Movie Review: Spoiler Alert

Jim Parsons is great in this real-life tragedy, but it may be too depressing to bother watching.


In a curious move, the film “Spoiler Alert” leaves out the part of its title that … well, contains the spoiler. It’s based on the memoir, “Spoiler Alert: The Hero Dies,” by Michael Ausiello; it’s a reflection on his relationship with the late Kit Cowan, who died of cancer in 2015. The film makes no attempt to shield you from its sad ending, only the title does — as if to briefly imply that you’re getting a wry comedy instead of a three-hanky weeper.

“Spoiler Alert” is often funny, particularly thanks to a clever and powerful performance by Jim Parsons as Ausiello. It’s no comedy — ignore how the Globes will inevitably nominate it in a few months — but it is funny, at least until it’s utterly, completely devastating. This is one of those films that is so profoundly sad that I’m reluctant to recommend it; it’s not cathartically sad, nor is it sad in a way that shows us something new and profound about the human condition.

It’s just sad. You wanna be sad? You like being sad? (You’re not sad enough already?) Here you go, watch “Spoiler Alert” and be sad.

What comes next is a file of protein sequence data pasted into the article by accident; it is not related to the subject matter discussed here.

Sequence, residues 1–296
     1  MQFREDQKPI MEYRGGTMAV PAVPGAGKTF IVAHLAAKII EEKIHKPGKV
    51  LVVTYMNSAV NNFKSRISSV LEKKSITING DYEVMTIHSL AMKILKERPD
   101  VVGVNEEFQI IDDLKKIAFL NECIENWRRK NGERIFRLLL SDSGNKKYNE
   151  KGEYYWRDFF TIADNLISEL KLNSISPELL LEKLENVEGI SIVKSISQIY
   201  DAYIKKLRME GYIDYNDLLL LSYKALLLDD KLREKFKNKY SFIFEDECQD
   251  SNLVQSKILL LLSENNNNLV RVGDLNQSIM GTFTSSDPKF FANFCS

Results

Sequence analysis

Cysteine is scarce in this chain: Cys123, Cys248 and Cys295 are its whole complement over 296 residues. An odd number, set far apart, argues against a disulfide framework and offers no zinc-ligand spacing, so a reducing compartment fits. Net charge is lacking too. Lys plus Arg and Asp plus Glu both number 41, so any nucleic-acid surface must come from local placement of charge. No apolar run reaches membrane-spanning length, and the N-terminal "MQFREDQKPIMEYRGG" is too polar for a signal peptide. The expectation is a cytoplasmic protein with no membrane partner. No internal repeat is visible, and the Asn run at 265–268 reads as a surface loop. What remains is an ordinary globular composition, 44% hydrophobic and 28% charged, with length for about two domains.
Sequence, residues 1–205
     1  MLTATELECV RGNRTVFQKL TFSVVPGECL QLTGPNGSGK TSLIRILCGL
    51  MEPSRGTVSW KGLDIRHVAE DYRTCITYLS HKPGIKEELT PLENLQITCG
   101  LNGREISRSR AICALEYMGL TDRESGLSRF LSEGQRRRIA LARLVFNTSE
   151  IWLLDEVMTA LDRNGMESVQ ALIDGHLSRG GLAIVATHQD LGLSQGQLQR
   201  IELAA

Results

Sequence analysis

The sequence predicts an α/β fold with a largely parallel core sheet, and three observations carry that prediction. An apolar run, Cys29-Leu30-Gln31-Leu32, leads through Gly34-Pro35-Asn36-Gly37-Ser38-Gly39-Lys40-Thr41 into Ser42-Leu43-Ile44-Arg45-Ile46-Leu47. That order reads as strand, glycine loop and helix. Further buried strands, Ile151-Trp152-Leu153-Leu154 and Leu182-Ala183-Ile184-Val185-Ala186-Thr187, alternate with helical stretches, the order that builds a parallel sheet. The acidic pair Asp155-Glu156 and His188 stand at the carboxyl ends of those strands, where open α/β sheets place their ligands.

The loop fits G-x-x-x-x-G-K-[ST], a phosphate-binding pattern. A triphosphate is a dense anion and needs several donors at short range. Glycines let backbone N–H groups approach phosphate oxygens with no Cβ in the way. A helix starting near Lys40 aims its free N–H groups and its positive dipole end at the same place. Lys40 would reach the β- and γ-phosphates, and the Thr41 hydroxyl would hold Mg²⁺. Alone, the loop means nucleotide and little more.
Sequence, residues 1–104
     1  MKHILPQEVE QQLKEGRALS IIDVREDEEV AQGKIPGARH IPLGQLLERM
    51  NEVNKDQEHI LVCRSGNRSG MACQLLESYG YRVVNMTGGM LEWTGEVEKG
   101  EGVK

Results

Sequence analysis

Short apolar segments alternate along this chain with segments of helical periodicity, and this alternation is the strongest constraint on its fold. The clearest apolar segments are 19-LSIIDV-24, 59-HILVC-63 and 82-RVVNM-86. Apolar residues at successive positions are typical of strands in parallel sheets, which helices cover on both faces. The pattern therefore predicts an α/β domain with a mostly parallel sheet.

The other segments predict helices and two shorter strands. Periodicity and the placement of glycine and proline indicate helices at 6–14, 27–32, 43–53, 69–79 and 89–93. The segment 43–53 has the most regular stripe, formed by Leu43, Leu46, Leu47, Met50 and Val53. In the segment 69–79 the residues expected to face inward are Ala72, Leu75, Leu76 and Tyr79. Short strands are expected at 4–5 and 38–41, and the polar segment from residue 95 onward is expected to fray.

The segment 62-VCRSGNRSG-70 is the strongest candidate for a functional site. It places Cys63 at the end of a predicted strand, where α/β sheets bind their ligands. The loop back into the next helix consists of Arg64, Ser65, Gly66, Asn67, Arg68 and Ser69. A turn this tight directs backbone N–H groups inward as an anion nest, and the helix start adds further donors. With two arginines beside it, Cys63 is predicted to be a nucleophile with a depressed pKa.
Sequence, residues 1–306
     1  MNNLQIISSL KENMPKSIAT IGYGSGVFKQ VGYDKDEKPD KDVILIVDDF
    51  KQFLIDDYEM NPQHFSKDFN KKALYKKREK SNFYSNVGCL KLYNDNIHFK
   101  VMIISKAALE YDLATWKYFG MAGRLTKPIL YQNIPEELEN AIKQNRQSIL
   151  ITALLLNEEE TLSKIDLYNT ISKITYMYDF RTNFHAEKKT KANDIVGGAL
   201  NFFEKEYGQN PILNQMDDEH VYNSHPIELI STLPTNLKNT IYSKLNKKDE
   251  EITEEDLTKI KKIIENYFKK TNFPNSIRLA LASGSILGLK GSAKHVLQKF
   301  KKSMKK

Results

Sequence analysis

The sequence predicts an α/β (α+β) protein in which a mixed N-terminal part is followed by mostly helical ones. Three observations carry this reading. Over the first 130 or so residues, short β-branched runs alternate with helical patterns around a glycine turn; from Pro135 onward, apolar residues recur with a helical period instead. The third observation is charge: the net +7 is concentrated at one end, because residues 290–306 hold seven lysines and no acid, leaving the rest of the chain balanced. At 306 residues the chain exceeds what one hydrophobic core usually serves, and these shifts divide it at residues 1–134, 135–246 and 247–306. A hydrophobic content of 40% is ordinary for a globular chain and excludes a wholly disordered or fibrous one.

Michael Showalter directs “Spoiler Alert” as something of a companion piece to his (far superior) 2017 film, “The Big Sick.” In that movie — also based on a true story — a new couple sees their budding, complex relationship interrupted by a devastating medical problem. The same thing happens in “Spoiler Alert,” albeit with much different results. Most of the film’s running time traces the growth of Ausiello’s and Cowan’s relationship; they get over some trust issues, they navigate the exclusivity debate, they montage through relationship counseling.

Their relationship is at a low point when Cowan receives his diagnosis; in fact, they’re on something of a structured break and living in different apartments. It’s interesting watching this kind of tragedy rekindle, rather than divide, a relationship.

The problem, though, is that’s the closest thing “Spoiler Alert” has to insight. I have no doubt that the memoir has more to say — its subtitle is “A Memoir of Love, Loss, and Other Four-Letter Words,” and I’ll bet that Ausiello has some crackers in there. In practice, though, that doesn’t translate to a profound film. Instead, it’s one that has you sit with loss for a long time, then sends you back into the world with little more than platitudes.

Parsons threatens to elevate the whole affair by sheer force of will (and it’s nice to see Sally Field, who plays Cowan’s mother and has great chemistry with Parsons). Ultimately, though, there’s too much misery weighing against the film’s merits; they can’t help but crumble.

My Rating: 5/10

“Spoiler Alert” is now playing in theaters.

Categories: Sean Collier’s Popcorn for Dinner